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CASSS Bay Area Discussion Group June 2017: Scientific Program
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Program Abstract

Impurities in biological drug products are typically classified as either product- or process‑related impurities. ICH Q6B defines process-related impurities as those that are derived from the manufacturing process, i.e. cell substrates, cell culture, or downstream processing, and exclude molecular variants of the product.  Examples of process-related impurities include: host cell proteins, DNA, media and buffer components, added oxidizing and/or reducing agents, inorganic salts and metals, and extractables/leachables from column resins, equipment, and containers. The majority of process-related impurities are almost entirely removed during the downstream purification process; however, residual levels of these agents may be left within the bulk drug substance and, subsequently, the drug product.

Global regulatory health authorities require that the control process-related impurities are addressed in regulatory dossiers, and that the risk to patient safety of residual amounts of process-related impurities be evaluated.   Expectations and the type of management of process-related impurities may vary, and typically evolve throughout the product lifecycle (beginning with first in human studies) of the product.

We will discuss strategies for evaluating process related impurities, assessing their risk and setting up appropriate control strategies to enable potential efficient and cost-effective development, production, and availability of safe and beneficial new products. 

 

Speaker Abstracts

 

A Regulatory Perspective on Characterization and Control of Process-Related Impurities - Click here to view presentation
Christopher Downey, CDER, FDA

The manufacture and testing process of biotechnology products must provide sufficient control process-related impurities and process contaminants. ICH Q6B broadly categorizes these impurities as cell substrate-derived, cell culture-derived, and downstream-derived. Process-related impurities or contaminants may pose a risk to patient safety or may affect the activity or stability of drug products. Consequently, these impurities need to be well controlled for the drug substance and drug product manufacturing processes and in some cases controlled with in-process or release tests. The control strategy for process-related impurities should be risk-based and will evolve over the course of clinical development and throughout post-approval lifecycle management. Dr. Downey will discuss regulatory experience and expectations related to control of these substances, including case studies. This will include not only discussions of the challenges of detecting and controlling host cell protein impurities, but will also provide examples of cell-culture and downstream-derived impurities.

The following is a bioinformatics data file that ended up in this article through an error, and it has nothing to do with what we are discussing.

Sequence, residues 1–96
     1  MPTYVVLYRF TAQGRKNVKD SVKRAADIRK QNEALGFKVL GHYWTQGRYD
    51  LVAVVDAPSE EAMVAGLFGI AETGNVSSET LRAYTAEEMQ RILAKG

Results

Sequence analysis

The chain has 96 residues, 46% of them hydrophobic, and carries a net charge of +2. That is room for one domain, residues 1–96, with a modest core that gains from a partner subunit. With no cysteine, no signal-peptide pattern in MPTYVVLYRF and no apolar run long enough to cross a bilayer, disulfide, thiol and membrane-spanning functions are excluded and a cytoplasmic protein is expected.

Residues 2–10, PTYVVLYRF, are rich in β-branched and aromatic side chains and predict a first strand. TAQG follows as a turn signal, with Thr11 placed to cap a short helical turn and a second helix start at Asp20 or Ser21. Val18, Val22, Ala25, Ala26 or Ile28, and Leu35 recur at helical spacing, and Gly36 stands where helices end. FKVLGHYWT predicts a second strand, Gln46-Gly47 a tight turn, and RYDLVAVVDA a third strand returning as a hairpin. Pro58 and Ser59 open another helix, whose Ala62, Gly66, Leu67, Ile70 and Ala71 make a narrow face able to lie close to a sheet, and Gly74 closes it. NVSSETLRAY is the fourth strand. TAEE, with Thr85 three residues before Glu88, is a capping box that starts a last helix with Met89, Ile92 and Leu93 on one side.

Controlling Process-Related Impurities for Ocular Indications - Presentation Unavailable
Sara Parker, Genentech, a Member of the Roche Group

Control of process-related impurities in products intended for intravitreal administration requires special considerations compared to products intended for other routes of administration. This is due to the unique nature of the eye as well as minimal health authority guidance and publications on the subject. Here we present the risk assessment and control strategy for beta glucans as a case study for controlling process-related impurities in ocular drug products.

 

Impurities in Autologous Cell Therapies - Presentation Unavailable
Kanti Thirumoorthy, Kite Pharma, Inc.


Impurities in autologous cell therapies can be divided into two categories broadly. Those that are similar to other therapies – impurities like host cell protein, host cell DNA, upstream media components or processing aids. Then there are impurities from the subject’s apheresis material, a key raw material for the process. The challenges in the personalized subject raw material are unique to this therapy. We find the apheresis material to be highly variable depending on the type and disease stage of the subject, the types of previous treatments, and individual blood phenotype. The variability of this apheresis material from subject to subject plays an important role in critical quality attributes of the final product. The methods that can be typically used to assess these impurities are unique to the therapy. Measurement of live cells requires use of flow cytometry. Flow cytometry which employs use of staining of distinct cell surface markers and detection gets complicated when multiple cell types are being quantitated. Apheresis material, in-process and final product are characterized for B-cells, NK cells, different T cell phenotypes. Multiple gating strategies, complex analysis methods and lack of proper reference standards create challenges for qualification of the methods. Understanding the effect of any process changes and their results on these impurities and their decrease or clearance necessitate studying a huge number of lots due to the inherent variability already present in the starting material. The number of subjects in the studies, the accelerated pathways due to breakthrough designation and pivotal phase 2 followed by BLA makes the timelines of CMC activities very constrained. Establishing a characterization program in this therapy area creates challenges that the industry is trying to address in collaboration with regulatory agencies.

 

 

 


 

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